Tiny Homes, Big Adventures

The tiny home trend makes its way to the Alberni Valley—and the Koszegis jump on board.

Erin and Dave Koszegi take a seat inside their tiny home on wheels while Julia

Erin and Dave Koszegi take a seat inside their tiny home on wheels while Julia

The tiny home parked on the Koszegis’ Sproat Lake property is a little different than the larger homes Dave Koszegi sells for his day job as a realtor.

“I like houses, obviously,” said Koszegi.

“And I think the tiny home movement is cool and so I’ve read about it.”

The tiny home movement has gotten huge—between stories in National Geographic, Home and Garden TV series, a student in Texas using one to graduate debt-free and a Canadian Olympian saving on housing costs, tiny homes are everywhere.

But it wasn’t until a recent family vacation to Hornby Island that the Koszegis started looking seriously at building their own.

“Every year we go for three or four days on Canada Day,” he said.

“We take a Volkswagen van and we’re kind of outgrowing it.”

Last year, they found a book on tiny homes at a local shop.

“It was called Tiny Homes on the Move,” said Koszegi.

“SoI was sitting with these little munchkins with a flashlight reading it,” said Koszegi.

“Right in the book they had one being towed by a Volkswagen van like ours. So we thought, well, this could work!”

It wasn’t a perfect fit, being too heavy for what the Koszegis’ van could pull.

“We had to downsize the materials to make it light enough.”

When Dave asked if he could use lighter, thinner wood planks to reduce the weight, he was told no.

“This van weighed 1,500 lbs and ours weighed 700 lbs.

“We asked if we could build (the tiny home) out of two by twos instead of two by fours and he said it wouldn’t be strong enough…so we did it.”

“So we glued it, lots of glue,” said Koszegi.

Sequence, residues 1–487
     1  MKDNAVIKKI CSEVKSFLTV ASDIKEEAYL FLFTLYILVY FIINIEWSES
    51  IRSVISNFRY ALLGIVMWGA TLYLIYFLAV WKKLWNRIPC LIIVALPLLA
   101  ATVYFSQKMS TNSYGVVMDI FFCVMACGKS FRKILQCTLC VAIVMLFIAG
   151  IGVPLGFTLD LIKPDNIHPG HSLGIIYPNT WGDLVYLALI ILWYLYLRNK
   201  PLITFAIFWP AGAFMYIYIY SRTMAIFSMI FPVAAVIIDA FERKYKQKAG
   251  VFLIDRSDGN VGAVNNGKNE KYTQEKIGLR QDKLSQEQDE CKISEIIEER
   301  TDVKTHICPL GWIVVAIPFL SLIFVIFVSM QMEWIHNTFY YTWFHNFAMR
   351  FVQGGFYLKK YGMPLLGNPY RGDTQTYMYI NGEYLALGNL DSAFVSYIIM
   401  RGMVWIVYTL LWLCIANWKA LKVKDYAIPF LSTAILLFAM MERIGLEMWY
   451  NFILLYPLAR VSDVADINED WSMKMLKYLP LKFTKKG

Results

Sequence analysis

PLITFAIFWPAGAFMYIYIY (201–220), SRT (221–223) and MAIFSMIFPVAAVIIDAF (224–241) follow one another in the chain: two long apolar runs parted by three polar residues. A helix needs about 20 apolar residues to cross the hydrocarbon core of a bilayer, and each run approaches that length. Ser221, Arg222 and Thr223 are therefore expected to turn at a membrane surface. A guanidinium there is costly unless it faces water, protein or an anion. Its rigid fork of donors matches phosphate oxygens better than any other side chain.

“And staples! And screws!” Dave’s daughter Francesca pipes up.

They saved on weight by keeping the floor made of plywood sealed by a clear finish.

It’s even eco-friendly.

“Theses lamps are all solar so they charge during the day and they automatically come on at night.”

Inside, it’s got everything you could want—beds, chairs, storage space and windows.

When the Koszegis stop for the night, it transforms into a little cabin.

“When we camp we put out little legs.”

The Koszegis also tried to use as much recycled material as possible.

“A lot of stuff was made with reclaimed material,” said Dave.

“The windows were out of an old house and the doors were out of an old house… we learned a lot about recycling.”

It was an involved process all around for the family—made up of Dave’s wife Erin, his daughters Julia, 8, Francesca, 7, and son Matteo, 4.

“We did all the work together,” said Dave.

“We started Jan. 17 and it went till four days before Canada Day,”

While the work could have been done faster, the point wasn’t to rush—it was to build a family project to be filled with camping trip memories for years to come.

“A construction guy or a handy person could have probably built it with a buddy in a week or in two weeks just like how you’d build a shed,” said Dave.

“But what took longer than a regular shed was that it had to be glued and screwed for strength… I can’t remember how many tubes of glue we used but it was 20 or something, just a crazy amount.”



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